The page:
The completion of Research and Development phase of IP embarks an inventor to the next step of commercializing his invention. However, before the economic benefits of the invention can be availed, the inventor has to protect his asset by patenting it and then only shall he reap the benefits of his invention. Commercialization of IP covers the aspect of generating income by making the intangible asset available in the market either for lease, trade or use it to improve business efficacy by either increasing revenues or reducing costs. The market allows the inventor to exploit the potential of his invention and reward him for his creativity and ingenuity.

The inventor can use the available commercialization tools, such as licensing and assignment, to monetize his creativity when he is unable to commercially exploit or generate income from his patented invention. The intangible asset i.e., patentscancomplement the tangible assets like money, real estate, potential consumersof a business,in such a way that it can help a business do better than it would do without it.This creates a win-win situation for the inventor, as well as the business owners.

Assignment and licensing are the two common ways to makeprofit from one’spatent.At the outset, it is only the owner of the patent who can assign or license its patent. However, it shall be noted that in the case of joint ownership, one of the owners of the patent cannot assign or grant a license without obtaining the consent of all the other owners of that particular patent.

Assignment is a process of transferring the control and ownership rights of a patent, from the inventor to another party.Assignments are usually preferable when the inventor is not capable of financing or marketing his IP assetor there lies an immediate need of monetizing the IP asset without exploiting his available options or lack thereof.

So, once it’s been decided to monetize the patent by the way of assignment, certain points need to be taken into consideration. These are:

  • Signing a Non-Disclosure Agreement (NDA)
    The very purpose of an NDA is to safeguard any shared confidential information regarding the patent to prevent it from becoming common knowledge to other market participants and competitors. This becomes significantly important at the pre-agreement stages when negotiations between the assignor and the assignee takes place.
  • Observance of Due- diligence
    Due diligence is a risk management tool used to get information on the value of IPassets and liabilities, and to get clarification on other aspects such as ownership status, the status of IP protection, and other legal requirements for the assignment.
  • Assignment Agreement
    Although the legal professionals take care of the assignment agreements,it’s a good practice for an inventor to know the IP clauses, that are included in the agreement and are negotiated in the pre-agreement stagesbefore signing the assignment agreement. These important clauses may be the payment clause which lays down the amount and method (lumpsum or installments) of payment, warranties, Dispute resolution clauses (Courts, ADR), etc.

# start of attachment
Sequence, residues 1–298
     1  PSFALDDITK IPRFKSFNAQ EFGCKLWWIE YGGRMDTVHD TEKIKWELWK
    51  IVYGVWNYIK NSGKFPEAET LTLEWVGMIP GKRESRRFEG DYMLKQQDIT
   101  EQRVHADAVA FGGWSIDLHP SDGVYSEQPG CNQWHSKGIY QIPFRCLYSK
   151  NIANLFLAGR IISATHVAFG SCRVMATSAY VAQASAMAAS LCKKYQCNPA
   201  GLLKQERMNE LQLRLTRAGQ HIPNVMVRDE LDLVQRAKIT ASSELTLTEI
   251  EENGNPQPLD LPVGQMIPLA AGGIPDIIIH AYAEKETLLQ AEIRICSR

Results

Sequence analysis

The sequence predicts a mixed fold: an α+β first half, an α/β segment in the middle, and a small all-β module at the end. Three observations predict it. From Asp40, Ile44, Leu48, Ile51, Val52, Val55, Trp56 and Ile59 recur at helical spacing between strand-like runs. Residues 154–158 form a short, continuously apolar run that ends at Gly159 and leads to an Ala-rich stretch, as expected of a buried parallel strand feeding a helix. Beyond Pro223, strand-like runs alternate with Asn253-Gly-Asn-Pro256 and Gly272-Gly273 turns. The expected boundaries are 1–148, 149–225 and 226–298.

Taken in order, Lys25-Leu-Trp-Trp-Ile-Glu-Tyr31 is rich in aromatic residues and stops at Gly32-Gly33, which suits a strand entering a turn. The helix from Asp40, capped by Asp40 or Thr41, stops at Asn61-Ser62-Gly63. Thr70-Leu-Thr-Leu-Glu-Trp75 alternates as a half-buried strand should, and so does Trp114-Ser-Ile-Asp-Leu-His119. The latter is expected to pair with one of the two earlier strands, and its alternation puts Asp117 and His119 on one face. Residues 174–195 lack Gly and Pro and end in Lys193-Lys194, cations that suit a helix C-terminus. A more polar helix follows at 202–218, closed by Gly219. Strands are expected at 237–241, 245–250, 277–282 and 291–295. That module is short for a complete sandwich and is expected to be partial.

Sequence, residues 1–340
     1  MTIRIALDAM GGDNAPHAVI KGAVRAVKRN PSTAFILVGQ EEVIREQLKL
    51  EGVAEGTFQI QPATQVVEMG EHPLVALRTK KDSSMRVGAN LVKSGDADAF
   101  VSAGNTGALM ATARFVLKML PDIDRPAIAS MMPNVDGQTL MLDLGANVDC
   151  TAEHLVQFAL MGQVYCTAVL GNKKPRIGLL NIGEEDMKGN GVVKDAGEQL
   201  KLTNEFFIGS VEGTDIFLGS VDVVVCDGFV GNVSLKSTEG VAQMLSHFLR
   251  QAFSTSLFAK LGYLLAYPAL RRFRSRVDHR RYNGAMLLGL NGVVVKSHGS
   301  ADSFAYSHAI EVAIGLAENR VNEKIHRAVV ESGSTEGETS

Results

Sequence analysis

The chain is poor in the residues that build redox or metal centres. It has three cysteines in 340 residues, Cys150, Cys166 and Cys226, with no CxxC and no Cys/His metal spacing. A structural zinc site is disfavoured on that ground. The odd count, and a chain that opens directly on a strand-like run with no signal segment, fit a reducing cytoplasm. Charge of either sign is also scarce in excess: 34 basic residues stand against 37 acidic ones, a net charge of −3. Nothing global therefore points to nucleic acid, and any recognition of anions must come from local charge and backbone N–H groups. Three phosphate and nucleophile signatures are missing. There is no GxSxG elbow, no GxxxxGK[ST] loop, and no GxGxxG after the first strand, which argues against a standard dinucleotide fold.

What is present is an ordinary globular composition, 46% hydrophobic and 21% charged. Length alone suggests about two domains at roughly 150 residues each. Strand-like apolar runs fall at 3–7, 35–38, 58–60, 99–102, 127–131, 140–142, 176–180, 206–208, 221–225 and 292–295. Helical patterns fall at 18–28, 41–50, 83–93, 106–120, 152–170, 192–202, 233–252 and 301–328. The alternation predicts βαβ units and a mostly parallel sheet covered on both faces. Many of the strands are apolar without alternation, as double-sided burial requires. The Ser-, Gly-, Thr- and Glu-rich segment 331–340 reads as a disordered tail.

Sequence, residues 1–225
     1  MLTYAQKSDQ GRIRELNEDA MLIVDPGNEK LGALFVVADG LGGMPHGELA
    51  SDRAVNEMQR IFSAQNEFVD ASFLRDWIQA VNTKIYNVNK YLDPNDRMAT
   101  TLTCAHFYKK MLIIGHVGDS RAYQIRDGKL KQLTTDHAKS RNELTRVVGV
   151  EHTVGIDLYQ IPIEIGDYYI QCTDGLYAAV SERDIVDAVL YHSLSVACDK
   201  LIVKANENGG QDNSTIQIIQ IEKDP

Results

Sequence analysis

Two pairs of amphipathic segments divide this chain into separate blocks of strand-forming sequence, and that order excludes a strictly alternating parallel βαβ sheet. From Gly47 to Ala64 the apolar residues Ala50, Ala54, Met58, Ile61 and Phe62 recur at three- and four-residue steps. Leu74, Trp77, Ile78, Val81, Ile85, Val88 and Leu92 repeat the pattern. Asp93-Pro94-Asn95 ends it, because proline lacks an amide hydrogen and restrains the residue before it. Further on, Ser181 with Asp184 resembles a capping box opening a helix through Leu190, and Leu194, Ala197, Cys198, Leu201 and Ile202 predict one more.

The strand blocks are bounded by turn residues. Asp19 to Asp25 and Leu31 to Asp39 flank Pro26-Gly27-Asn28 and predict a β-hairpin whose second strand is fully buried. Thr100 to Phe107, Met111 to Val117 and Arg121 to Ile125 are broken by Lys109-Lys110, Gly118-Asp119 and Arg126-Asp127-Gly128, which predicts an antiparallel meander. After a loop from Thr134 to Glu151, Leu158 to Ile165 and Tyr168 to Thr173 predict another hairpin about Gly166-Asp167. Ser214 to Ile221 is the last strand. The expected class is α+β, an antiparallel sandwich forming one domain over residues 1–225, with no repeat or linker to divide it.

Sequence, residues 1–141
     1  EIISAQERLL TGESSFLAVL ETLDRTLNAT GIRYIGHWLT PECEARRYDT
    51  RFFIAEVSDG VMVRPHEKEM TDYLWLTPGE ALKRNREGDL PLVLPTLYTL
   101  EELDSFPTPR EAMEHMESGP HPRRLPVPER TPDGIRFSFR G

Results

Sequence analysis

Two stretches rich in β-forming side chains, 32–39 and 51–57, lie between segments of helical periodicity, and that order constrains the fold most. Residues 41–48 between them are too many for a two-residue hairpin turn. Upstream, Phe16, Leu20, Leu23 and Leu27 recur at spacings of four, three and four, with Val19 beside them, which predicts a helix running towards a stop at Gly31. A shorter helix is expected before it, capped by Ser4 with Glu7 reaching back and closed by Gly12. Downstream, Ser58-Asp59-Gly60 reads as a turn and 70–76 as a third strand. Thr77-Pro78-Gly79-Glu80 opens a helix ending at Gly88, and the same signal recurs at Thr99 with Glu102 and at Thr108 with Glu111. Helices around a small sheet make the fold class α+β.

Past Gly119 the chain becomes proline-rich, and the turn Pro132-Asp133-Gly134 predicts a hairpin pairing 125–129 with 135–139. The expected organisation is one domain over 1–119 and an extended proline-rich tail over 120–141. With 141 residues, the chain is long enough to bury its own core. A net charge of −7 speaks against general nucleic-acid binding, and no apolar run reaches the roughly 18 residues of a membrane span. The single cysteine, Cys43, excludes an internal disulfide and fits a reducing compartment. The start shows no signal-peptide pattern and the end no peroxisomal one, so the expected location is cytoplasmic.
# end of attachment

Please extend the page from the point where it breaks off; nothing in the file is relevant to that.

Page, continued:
IP licensing is another effective way to monetize the patent. Licensing is a contractual agreement between the patent holder(licensor) and the other person (licensee) that grants permission to the licensee to use the patent of the licensor within the provisions of the contract. The contract allows the licensee to obtain the right to use of the asset in exchange of consideration for a specified period of duration. Hence the licensor is entitled to consideration in the form of leases, rent or royalties whereas the licensee to the right of the use of asset.

Advantages of licensing:

• The License agreement proves to be a risk-sharing instrument between the licensor and the licensee.
• It provides an opportunity for the licensor to reach new markets with existing products/services and on the other hand, the licensee gets a chance to venture into new businesses. Also, it allows the licensor to enter a market with the existing client base of the licensee as well as allows the licensee to provide his clients with the well-established products/services of the licensor. This proves to be a win-win situation for both, the licensor and the licensee and reduces the market failure risks.
• In terms of investment, the licensor is not required to invest in the marketing and distribution of his invention. On the other hand, the licensee does not need to invest in the R&D of the invention.
• Unlike Assignment, licensing lets the licensor retain ownership of the patent whilst receiving the royalty fee from the licensee. The licensee, on the other hand, gets the benefit of testing the market success of the licensed product without purchasing the IP.

Deciding between assignment and licensing
The decision of choosing between assignment and licensing of the IP asset by the inventor depends on the royalties, risk factor undertaking, and the objective sought by the parties involved. Assignment is an irrevocable and permanent sale of one’s IP rights.In exchange of the transfer of ownership of the IP, the assignor gets a lump sum amount for the IP asset, whereas in licensing the transfer of ownership does not take place and the inventor can collect royalties for the use of his IP. Therefore, if the inventor has spent too much capital in the R&D of the invention that has left him with debts then assignment seems to be a better commercialization toolthat provides a lump sum amount with no risk undertaking. Licensing is a better option if the inventor wants to give the rights in a patent for a limited period of time and is in a position to share the market risk.